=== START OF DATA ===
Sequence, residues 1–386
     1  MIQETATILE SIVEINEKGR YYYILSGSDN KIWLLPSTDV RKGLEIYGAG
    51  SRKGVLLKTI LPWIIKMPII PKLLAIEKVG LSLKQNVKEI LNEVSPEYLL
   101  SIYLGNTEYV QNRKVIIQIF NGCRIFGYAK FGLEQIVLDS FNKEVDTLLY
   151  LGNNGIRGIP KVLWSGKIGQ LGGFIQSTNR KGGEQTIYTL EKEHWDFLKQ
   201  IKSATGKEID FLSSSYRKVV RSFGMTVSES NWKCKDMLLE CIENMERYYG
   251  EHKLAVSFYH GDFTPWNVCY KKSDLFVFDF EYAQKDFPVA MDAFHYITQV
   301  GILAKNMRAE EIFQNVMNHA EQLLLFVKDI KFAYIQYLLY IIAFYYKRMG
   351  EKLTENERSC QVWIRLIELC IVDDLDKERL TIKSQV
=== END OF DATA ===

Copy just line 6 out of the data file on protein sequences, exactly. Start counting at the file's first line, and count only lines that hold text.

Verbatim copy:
   201  IKSATGKEID FLSSSYRKVV RSFGMTVSES NWKCKDMLLE CIENMERYYG